Biotech start-up Spiber and The North Face’s Japanese distributor Goldwin have created the first mass-manufactured jacket made from spider silk.
Only 50 Moon Parkas have been produced from the emulated spider silk – an artificial material based on the DNA of spider’s silk –which keen buyers can enter a lottery to purchase.
Previous garments made using lab-grown spider silk, including the 2015 iteration of the Moon Parka and the Adidas x Stella McCartney Biofabric Tennis Dress, have been created as prototypes, meaning they were not produced at scale and made available for purchase.
The reason various biomaterial companies have been trying to artificially re-create spider silk, which the animals use to form webs or cocoons, can be attributed to its unrivalled natural properties.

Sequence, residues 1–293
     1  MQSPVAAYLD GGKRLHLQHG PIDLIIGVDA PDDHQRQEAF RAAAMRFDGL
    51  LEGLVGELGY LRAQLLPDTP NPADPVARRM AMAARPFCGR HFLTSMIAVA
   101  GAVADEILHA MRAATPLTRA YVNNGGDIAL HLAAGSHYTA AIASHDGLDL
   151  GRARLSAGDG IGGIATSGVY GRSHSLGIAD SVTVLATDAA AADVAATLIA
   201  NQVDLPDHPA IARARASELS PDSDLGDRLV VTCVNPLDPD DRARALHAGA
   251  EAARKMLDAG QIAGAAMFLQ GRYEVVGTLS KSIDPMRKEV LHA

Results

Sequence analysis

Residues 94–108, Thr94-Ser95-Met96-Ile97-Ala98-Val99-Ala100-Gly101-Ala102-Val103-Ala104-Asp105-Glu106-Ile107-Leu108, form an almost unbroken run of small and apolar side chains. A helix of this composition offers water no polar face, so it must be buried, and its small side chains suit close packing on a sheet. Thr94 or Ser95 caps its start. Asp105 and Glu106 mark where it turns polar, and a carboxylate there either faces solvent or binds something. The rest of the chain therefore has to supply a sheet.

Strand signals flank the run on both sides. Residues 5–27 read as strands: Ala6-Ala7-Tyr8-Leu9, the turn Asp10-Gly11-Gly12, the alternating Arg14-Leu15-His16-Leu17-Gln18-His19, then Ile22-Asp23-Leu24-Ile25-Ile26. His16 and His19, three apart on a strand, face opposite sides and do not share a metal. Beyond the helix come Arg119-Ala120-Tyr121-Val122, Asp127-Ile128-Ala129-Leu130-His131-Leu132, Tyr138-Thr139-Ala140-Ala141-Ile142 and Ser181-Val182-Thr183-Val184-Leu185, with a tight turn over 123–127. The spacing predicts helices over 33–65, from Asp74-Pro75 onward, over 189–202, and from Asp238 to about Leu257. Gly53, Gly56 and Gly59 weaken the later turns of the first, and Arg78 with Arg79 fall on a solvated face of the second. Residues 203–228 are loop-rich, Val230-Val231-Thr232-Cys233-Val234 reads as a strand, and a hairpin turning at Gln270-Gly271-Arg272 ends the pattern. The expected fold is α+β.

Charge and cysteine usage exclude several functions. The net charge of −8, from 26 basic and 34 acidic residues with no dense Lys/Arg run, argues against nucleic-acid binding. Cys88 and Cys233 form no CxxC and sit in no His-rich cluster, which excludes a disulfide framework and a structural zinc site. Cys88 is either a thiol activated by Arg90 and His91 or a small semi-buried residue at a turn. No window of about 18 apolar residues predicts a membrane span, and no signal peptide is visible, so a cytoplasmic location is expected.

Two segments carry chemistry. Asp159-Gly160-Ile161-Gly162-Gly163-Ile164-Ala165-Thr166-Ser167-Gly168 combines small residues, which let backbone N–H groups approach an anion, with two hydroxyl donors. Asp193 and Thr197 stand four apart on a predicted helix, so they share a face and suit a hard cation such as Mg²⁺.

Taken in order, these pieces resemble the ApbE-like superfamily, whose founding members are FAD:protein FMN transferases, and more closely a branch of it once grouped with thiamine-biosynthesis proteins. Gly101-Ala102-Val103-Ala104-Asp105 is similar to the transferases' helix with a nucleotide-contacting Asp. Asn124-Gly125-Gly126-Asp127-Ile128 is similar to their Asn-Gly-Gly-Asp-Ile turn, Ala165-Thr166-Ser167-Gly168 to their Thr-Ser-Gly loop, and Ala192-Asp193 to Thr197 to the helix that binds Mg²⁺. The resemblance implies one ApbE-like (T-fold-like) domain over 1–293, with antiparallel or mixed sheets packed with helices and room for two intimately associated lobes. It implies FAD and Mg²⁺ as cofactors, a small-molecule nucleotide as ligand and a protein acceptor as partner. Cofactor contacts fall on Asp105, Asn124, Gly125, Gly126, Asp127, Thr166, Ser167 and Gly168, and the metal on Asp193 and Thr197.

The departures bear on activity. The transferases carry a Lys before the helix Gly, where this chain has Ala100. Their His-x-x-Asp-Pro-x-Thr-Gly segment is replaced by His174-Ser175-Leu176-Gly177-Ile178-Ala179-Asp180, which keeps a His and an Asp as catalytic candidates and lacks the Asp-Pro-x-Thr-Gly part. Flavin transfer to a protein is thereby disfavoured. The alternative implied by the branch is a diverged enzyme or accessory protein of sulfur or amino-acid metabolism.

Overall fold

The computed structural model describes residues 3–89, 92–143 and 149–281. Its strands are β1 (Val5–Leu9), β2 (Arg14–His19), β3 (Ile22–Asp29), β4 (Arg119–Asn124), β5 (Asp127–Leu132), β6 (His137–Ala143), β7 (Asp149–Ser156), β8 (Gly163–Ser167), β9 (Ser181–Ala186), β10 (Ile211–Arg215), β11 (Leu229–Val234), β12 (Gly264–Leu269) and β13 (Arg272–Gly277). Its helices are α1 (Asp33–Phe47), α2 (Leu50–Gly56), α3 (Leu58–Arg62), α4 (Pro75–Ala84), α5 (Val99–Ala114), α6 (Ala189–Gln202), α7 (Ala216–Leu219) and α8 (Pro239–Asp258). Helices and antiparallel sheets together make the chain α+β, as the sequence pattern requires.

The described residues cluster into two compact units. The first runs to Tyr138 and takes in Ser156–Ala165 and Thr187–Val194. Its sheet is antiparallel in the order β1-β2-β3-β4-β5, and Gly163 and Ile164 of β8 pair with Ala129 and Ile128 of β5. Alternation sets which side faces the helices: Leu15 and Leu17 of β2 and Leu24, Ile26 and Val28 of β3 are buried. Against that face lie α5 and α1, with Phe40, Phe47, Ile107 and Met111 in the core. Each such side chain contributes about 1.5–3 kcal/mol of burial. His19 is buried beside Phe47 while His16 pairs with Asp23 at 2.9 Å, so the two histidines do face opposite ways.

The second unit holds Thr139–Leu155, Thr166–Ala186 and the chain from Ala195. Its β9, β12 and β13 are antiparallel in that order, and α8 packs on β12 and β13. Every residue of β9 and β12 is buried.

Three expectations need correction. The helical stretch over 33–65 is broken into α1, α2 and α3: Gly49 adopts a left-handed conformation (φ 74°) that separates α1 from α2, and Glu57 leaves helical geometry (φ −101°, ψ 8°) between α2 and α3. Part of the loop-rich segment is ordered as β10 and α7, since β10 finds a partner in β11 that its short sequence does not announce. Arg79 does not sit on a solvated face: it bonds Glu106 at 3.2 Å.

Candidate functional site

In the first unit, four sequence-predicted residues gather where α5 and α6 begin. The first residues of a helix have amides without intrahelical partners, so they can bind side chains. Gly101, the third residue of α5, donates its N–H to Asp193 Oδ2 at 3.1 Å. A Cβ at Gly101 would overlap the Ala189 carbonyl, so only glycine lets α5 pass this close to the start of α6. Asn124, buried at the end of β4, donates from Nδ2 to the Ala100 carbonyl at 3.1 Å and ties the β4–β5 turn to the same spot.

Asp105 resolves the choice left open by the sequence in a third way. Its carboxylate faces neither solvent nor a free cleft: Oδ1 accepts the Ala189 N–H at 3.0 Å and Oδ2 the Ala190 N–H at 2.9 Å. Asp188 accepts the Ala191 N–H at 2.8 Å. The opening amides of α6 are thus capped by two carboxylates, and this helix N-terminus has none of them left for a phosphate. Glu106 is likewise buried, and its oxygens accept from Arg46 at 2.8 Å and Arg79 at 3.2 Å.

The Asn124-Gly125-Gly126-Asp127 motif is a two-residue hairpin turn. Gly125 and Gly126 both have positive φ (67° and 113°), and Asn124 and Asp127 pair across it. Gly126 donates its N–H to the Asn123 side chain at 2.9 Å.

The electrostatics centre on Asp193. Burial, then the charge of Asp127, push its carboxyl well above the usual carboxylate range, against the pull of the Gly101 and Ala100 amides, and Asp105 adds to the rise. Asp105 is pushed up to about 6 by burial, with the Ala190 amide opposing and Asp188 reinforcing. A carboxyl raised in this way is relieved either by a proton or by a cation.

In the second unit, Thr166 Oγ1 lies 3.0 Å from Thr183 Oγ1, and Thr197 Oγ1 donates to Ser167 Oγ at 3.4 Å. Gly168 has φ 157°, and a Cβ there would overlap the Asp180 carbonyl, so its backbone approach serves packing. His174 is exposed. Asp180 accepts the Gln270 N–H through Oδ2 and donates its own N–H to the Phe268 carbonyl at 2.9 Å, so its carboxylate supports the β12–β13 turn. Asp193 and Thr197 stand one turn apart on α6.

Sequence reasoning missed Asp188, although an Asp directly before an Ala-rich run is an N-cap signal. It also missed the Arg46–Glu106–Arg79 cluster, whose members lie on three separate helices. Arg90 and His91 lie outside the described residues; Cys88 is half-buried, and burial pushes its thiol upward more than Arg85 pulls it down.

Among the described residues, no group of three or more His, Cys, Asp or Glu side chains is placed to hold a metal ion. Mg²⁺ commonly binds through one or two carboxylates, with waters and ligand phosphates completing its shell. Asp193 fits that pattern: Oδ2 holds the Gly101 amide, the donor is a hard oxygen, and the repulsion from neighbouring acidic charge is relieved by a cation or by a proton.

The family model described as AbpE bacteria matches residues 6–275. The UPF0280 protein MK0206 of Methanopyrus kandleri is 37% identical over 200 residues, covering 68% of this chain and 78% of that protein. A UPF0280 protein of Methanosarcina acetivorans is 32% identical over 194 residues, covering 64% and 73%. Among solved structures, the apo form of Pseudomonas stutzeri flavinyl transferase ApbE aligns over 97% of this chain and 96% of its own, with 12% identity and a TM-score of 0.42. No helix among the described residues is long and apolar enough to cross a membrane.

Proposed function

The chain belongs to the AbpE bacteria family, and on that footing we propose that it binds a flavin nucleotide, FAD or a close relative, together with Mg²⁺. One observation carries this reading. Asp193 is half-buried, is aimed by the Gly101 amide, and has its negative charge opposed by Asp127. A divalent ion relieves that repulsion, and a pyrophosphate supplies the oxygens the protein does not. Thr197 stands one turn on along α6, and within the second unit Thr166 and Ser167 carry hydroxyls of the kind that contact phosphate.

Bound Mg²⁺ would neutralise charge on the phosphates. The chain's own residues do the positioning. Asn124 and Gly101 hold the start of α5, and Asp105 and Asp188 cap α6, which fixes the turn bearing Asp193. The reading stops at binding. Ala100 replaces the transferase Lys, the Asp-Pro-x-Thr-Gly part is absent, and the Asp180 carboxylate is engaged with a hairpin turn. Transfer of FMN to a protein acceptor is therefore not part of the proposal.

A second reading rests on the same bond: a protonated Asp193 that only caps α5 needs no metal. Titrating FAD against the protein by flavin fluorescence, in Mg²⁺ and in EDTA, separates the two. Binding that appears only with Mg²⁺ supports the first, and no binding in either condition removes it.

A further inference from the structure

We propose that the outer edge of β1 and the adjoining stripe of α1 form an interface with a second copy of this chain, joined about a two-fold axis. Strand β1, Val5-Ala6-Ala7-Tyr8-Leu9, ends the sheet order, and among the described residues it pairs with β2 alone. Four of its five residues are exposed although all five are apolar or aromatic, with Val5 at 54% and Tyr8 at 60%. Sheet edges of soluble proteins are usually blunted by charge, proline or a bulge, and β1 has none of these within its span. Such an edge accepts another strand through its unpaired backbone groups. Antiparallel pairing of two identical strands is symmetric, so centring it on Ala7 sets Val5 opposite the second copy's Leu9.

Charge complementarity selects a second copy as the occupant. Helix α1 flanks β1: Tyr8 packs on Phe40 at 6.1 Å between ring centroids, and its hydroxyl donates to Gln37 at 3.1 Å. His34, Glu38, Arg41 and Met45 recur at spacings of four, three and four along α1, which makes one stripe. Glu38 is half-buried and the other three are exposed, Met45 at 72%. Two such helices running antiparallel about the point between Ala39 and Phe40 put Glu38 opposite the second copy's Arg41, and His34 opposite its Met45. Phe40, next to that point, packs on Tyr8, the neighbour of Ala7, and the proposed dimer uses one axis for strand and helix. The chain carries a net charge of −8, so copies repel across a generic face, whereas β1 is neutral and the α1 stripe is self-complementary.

“Spider silk is a protein fiber that has long been somewhat of a holy grail for material scientists because of its unique ability to combine both strength and extensibility in one fiber,” said Daniel Meyer, Spiber’s head of global corporate planning.
“It has been said that a spider web with threads one centimetre in diameter could stop a jumbo jet in flight,”Daniel Meyer
This is an especially appealing prospect for the outer- and performance-wear industry, which traditionally relies on petroleum-based materials such as nylon to create clothing that is durable enough to withstand tough conditions.
Going forward, the synthetic proteins for the Moon Parka will likely be produced in Spiber’s mass production plant in Thailand, which is set to be completed in 2021 with more than £35 million in funding secured.
It will be 100 times larger than Spiber’s pilot plant in Japan and is expected to be the world’s largest structural protein fermentation facility, capable of producing several hundred tonnes per year.